0

0

0

0

0

TY Exports

0

0

0

0

0

0

Feed and Residual

10200

9300

11000

8700

0

8000

FSI Consumption

25

10

25

10

0

10

Total Consumption

10225

9310

11025

8710

0

8010

Ending Stocks

4059

4974

4044

4274

0

3874

Total Distribution

14284

14284

15069

12984

0

11884

Corn

Production

Corn production is very limited in Saudi Arabia. Approximately 80,000 MT is produced for human consumption annually. Domestic dairy farmers plant a significant acreage of corn silage as digestible fiber and readily fermentable energy for their cattle.

The corn crop is planted in the spring and summer. The spring crop is planted in March and harvested in August, while the summer crop is planted in the last week of June and harvested from mid-November until the end of December. About 60 percent of corn production is planted in the summer season. The area planted to corn in MY 2015/2016 was estimated at 14,200 HA, with an average yield of 5.6 MT per hectare.

Domestic corn production has been constant over the past several years because Saudi corn growers do not receive government support, neither through direct production subsidies nor by government guaranteed prices. Government policy has been to discourage domestic production of water-intensive crops, including feed corn. The government also subsidizes imported corn.

Consumption

Imported corn is primarily used for animal feed processing. And approximately 100,000 MT of imported corn is utilized by the food processing industry. Locally grown corn is used for food (corn-on-the-cob) and milled for flour by small neighborhood flour mills for baking needs. Feed corn consumption in Saudi Arabia in MY2016/17 is forecast to reach 3.7 million, an increase of about 4 percent over the USDA’s official estimate. Feed corn consumption is projected to surpass 4 million MT by the end of MY2017/18 due to continued expansion in the country’s animal feed processing sector. Demand for processed feed by livestock farmers is expected to increase due to the scheduled phase out of domestic green forage production by the end of 2018.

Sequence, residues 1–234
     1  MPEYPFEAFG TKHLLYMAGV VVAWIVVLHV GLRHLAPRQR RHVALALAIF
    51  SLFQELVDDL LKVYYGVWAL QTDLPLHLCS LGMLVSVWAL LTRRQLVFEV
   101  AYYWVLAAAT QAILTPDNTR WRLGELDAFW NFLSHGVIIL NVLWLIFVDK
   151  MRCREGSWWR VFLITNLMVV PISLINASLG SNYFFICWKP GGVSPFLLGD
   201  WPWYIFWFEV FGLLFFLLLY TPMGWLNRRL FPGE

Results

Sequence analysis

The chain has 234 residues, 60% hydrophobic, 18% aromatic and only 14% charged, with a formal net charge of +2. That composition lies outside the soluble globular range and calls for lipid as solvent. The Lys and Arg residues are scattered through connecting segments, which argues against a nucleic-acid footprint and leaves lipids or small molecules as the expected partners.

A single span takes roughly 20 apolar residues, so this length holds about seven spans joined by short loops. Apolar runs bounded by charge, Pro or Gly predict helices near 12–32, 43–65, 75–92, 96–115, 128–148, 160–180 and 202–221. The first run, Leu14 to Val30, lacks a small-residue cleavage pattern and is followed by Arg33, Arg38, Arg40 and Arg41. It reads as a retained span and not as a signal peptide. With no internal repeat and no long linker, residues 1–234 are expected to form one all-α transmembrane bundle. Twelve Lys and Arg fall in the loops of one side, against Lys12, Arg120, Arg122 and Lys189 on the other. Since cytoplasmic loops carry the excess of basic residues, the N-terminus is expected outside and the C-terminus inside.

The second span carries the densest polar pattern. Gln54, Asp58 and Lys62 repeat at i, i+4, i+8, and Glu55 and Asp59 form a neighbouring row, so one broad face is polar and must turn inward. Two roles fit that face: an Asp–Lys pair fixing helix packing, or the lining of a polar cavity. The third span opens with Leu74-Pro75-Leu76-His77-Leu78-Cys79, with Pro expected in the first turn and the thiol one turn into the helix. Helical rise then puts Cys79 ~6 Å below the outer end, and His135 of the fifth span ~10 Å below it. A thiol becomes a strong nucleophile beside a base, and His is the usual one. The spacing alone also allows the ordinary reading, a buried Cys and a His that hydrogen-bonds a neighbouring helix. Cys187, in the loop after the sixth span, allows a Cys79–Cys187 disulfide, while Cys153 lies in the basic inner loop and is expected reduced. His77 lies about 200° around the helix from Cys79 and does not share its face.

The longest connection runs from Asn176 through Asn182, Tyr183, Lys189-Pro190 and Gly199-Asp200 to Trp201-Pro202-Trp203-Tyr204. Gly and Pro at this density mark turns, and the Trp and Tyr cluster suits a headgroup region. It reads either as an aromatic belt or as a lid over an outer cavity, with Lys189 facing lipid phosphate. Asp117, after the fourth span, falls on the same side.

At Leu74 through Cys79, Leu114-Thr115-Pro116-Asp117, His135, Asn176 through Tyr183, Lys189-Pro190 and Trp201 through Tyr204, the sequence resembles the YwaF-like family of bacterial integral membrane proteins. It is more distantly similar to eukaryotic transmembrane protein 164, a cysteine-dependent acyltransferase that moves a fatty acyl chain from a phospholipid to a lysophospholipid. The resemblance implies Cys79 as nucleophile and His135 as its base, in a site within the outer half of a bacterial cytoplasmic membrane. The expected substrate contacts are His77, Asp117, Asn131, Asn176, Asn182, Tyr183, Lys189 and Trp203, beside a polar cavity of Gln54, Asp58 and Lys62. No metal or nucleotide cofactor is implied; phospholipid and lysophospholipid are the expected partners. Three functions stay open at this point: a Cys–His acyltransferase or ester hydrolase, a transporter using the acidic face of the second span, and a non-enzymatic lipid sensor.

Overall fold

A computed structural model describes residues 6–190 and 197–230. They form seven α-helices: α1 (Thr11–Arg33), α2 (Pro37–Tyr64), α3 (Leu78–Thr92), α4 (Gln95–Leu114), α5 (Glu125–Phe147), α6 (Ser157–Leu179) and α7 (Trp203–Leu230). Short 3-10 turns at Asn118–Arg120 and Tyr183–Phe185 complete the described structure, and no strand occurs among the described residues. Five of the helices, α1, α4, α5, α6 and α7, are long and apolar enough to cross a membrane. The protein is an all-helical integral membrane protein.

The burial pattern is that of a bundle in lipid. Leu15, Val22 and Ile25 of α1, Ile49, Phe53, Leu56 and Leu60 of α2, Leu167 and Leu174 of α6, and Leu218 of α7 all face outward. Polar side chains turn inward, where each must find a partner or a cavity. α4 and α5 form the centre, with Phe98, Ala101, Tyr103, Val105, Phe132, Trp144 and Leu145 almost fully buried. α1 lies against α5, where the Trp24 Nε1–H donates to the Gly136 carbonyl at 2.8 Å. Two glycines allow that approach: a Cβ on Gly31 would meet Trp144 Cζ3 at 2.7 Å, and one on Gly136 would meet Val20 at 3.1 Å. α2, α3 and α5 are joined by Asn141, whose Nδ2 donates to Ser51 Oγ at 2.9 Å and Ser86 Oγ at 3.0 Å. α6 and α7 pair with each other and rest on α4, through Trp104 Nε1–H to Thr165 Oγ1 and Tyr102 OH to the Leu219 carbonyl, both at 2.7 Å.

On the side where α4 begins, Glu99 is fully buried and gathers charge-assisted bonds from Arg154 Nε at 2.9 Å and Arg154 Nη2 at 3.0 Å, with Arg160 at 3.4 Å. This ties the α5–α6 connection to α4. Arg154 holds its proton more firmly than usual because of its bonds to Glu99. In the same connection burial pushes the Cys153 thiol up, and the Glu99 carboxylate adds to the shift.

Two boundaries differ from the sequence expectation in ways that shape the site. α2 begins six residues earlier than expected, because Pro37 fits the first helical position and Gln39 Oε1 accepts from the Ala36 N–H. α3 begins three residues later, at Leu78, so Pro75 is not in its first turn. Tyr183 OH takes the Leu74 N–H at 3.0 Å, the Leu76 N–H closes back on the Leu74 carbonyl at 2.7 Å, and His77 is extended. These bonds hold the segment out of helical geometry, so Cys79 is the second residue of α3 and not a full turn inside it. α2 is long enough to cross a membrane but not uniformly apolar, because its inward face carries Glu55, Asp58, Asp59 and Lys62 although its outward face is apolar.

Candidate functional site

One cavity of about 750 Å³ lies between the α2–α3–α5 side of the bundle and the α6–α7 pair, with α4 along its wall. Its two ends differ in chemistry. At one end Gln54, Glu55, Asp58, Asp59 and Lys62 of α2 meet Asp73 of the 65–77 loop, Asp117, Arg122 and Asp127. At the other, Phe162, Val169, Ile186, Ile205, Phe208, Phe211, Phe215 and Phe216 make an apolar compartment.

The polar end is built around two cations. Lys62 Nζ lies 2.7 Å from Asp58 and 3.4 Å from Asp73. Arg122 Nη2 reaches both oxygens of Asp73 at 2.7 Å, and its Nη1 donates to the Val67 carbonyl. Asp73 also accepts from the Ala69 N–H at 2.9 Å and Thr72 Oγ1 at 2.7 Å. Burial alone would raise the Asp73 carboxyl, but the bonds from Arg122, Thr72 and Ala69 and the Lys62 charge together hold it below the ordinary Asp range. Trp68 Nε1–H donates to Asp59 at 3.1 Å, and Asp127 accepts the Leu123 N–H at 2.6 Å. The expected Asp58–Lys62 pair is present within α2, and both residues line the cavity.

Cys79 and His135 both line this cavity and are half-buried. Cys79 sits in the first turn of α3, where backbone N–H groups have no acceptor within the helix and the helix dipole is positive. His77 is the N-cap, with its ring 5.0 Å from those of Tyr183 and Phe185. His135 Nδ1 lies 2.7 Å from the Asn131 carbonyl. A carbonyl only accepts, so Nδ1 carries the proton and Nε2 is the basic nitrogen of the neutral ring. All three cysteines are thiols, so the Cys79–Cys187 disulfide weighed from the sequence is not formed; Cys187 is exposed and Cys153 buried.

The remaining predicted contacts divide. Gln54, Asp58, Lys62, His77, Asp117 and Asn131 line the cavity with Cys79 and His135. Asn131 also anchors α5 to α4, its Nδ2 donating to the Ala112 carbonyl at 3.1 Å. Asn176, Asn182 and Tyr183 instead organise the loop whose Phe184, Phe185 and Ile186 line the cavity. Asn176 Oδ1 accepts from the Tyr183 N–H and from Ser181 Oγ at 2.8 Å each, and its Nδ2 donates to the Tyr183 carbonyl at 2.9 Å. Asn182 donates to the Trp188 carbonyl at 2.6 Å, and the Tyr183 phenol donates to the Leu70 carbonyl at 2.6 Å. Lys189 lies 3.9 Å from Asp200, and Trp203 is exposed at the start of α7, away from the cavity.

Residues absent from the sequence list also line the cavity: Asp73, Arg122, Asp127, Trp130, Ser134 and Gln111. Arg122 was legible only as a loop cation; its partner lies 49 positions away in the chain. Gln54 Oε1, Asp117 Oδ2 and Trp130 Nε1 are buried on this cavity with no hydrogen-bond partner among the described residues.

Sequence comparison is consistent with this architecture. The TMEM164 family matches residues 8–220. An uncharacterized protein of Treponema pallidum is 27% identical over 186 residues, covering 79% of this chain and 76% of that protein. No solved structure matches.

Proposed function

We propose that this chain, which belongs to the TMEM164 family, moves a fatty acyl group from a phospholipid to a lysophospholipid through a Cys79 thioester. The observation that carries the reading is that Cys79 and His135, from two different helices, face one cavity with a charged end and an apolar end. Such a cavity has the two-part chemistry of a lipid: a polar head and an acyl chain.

Corn food, seed and industrial (FSI) consumption has been revised down to 180,000 MT in MY2015/16 compared to the USDA’s official estimate of 250,000 MT based on data provided by the Kingdom’s only food corn processing company, The Middle East Food Solutions Company (MEFSCO). The company is completing an expansion project at its corn processing facilities. When complete, hopefully by the end of MY 2017/18, annual production will increase from 100,000 MT to 300,000 MT. Corn continues to be a very important feed grain for poultry farms; it accounts for approximately 60 percent of feed ingredients used in poultry feed formulations. It is also a key feed grain used by commercial feed processors and domestic dairy farms.

Feed consumption by livestock (sheep, camel and goats) is forecast to decline sharply with the increased use of processed feed by the livestock sector. The feed conversion ratios (FCR) for processed feed is almost double that of barley. They indicate that about 7 kg of processed feed is needed to produce one kg of meat, while about 11 kg of raw barley is needed to produce the same result.